A New Aquarium Experience Is Coming to Central Wharf

Aquarium to Launch $15M Rebuild of its Central Tank in September and Will Remain Open During Construction

BOSTON. This September, the New England Aquarium will launch a major $15 million revitalization program, starting with a complete renovation of its spectacular, four-story, Caribbean coral reef exhibit - the Giant Ocean Tank. The GOT will be getting a top-to-bottom, 21st- century transformation including the replacement of its intimate yet large viewing windows, a redesigned reef, and the addition of a new education center at the top of the tank. When completed, many new fish species will be added to what is already considered one of the most complex and sophisticated aquatic exhibits in the world.

The ten month construction project will begin after Labor Day 2012 and finish in June 2013. The Aquarium will remain open during the rebuild as most of the work will be conducted at night. The renovation will not affect regular public hours, but visitors this autumn will notice a difference as they will be seeing some of the Aquarium's most popular animals from a whole new angle. Myrtle the 560 pound green sea turtle, the Aquarium's large sharks, and the 800 other residents of the Giant Ocean Tank will all be moved into the penguin pool where the water will be warmed considerably. Most of the Aquarium's penguins will be staying at the Aquarium's new Animal Care Center in Quincy, but there is a possibility that some will remain in display in Boston.

Of the Aquarium's nearly 900 species of aquatic animals, only a small number of species will not be seen during construction. The majority of the other exhibits, including the new shark and ray touch tank, the fur seal and sea lion center, and the harbor seal exhibit will be open as usual, completely unaffected by the project.

In addition, the revitalization program will include an innovative new exhibit on the first floor called the Blue Planet Action Center. The new space will highlight major challenges facing our oceans and connect the Aquarium's conservation and research work around the globe to the visitors' experiences on Central Wharf.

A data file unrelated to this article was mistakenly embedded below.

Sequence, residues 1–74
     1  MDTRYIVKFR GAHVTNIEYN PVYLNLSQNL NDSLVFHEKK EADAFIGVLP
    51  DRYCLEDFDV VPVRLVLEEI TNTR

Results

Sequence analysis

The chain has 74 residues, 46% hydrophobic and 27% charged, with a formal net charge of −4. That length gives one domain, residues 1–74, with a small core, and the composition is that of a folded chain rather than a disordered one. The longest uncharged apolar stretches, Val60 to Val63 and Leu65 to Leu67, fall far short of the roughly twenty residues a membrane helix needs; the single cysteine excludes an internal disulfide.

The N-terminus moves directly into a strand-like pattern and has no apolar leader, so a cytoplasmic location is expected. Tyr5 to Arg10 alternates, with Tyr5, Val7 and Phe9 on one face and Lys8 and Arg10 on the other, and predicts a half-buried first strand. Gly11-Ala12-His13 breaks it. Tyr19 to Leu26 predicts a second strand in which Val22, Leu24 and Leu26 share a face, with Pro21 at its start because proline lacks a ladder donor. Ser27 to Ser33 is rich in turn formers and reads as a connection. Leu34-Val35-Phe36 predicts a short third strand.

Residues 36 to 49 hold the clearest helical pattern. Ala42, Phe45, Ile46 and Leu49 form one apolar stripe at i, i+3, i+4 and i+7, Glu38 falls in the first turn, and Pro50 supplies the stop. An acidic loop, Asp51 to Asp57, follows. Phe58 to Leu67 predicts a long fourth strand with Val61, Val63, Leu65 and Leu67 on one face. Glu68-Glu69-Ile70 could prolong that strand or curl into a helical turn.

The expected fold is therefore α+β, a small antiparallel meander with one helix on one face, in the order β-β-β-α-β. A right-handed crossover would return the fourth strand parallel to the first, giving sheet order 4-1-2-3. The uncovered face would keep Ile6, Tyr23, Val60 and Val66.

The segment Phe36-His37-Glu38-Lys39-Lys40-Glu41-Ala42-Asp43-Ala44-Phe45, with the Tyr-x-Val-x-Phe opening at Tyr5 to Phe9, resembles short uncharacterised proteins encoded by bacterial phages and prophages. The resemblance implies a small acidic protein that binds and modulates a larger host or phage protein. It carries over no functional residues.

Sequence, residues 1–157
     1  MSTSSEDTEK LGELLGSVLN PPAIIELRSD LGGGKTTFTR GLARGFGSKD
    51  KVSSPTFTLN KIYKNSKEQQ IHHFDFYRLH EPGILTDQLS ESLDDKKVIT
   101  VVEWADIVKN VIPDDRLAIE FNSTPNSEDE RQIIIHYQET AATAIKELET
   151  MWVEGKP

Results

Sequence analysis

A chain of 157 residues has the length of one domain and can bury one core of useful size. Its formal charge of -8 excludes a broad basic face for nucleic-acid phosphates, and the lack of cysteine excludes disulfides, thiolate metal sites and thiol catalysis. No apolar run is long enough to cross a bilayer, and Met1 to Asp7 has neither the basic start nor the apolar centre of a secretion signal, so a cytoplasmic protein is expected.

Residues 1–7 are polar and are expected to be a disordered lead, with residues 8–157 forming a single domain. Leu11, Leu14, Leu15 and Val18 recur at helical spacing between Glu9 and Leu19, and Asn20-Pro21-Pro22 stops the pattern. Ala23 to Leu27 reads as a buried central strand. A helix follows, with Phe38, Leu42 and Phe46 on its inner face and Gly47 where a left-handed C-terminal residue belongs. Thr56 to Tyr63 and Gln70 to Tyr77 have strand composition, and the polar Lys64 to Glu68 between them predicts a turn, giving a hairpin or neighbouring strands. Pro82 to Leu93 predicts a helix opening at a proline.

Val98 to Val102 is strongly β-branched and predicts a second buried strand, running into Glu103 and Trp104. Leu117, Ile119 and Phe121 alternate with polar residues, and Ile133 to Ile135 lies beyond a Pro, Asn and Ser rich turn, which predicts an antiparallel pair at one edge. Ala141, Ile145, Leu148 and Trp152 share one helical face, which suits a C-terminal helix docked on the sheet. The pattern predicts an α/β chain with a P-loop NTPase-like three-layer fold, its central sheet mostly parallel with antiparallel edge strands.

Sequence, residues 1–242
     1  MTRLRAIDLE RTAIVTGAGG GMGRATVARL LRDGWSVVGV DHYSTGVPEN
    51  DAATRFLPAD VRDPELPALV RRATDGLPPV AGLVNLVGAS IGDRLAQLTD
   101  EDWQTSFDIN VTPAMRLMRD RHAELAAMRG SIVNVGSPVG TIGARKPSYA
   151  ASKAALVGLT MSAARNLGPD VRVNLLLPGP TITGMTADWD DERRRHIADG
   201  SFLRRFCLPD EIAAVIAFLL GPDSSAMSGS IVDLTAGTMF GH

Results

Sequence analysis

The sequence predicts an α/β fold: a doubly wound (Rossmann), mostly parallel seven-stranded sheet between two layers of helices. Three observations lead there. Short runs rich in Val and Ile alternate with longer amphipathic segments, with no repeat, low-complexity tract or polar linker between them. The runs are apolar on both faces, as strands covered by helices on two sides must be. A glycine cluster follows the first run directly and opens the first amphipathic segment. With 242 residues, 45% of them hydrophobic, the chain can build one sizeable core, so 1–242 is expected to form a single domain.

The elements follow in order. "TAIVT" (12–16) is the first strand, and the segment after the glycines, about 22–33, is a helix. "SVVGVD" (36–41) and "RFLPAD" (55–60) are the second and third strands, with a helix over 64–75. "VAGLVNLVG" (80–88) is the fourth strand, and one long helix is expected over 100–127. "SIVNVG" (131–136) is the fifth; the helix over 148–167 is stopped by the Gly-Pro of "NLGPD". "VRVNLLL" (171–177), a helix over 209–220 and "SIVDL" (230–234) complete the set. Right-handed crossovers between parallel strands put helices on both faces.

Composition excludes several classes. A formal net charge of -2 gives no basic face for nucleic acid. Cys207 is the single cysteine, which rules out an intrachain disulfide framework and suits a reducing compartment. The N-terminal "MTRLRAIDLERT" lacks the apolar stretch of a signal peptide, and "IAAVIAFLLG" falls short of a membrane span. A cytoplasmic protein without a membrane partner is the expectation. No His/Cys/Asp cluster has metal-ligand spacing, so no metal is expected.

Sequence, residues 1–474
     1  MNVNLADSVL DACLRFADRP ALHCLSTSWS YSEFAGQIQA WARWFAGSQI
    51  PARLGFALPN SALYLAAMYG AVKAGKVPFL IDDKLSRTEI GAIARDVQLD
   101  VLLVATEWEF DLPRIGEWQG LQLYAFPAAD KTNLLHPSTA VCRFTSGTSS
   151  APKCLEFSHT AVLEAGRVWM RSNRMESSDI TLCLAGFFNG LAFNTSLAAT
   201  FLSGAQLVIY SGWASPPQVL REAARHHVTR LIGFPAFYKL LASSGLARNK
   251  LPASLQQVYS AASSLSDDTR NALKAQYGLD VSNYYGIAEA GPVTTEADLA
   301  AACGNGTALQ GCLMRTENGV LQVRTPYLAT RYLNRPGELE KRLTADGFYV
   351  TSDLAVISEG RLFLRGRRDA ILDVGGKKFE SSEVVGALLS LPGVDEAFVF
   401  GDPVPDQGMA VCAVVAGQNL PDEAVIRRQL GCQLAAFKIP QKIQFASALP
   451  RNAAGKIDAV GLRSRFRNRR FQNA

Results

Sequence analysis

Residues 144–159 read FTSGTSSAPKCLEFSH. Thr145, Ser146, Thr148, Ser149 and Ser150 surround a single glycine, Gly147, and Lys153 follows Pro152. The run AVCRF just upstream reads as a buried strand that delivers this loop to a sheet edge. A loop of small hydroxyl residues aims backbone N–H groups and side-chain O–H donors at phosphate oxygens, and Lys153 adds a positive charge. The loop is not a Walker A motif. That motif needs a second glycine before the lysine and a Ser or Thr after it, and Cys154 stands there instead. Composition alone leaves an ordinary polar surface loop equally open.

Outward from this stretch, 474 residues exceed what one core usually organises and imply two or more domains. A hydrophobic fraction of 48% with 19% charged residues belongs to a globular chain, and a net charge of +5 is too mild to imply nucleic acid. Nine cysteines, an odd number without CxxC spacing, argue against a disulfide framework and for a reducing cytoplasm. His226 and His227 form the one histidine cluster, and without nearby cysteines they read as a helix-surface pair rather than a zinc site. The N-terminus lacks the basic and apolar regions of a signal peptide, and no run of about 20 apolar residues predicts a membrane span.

All of these projects are part of the $42 million Mission Blue capital campaign that began in 2007. The Aquarium's $15 million core renewal is actually the final major project of the Mission Blue capital campaign that has included four other major upgrades to the Aquarium's facilities. Within the last two and a half years, the Aquarium has opened:

  • The spectacular, harbor-side New Balance Foundation Marine Mammal Center
  • The immensely popular Trust Family Foundation Shark & Ray Touch Tank
  • The state-of-the-art John Prescott Research Lab
  • The massive off-site Animal Care Center in Quincy which is also the home of our marine animal rescue and rehabilitation center

This campaign has also funded a number of new conservation, research and education initiatives that are at the core of the Aquarium's mission to protect the blue planet. The Aquarium has already raised $38.6 million, which is more than 90% toward its $42.5 million Mission Blue goal. The Aquarium hopes to complete the capital campaign by the end of 2012.

Beyond the work on the Giant Ocean Tank, the scope of next autumn's construction work will also include the building of a reflective ceiling dome that will help create a greater underwater ambience throughout the building, enhanced lighting, the construction of a ramp to the top of the central tank providing access for wheelchairs and strollers there for the first time and a refinishing of surfaces throughout the main building. Also behind the scenes, new fire alarm and sprinkler systems will be installed.

IMAGES: Architectural renderings are attached. Aquarium animal and exhibit images can be downloaded at: http://www.neaq.org/about_us/news_and_media/photo_collections/index.php

CONTACT: Tony LaCasse, 617-877-6871,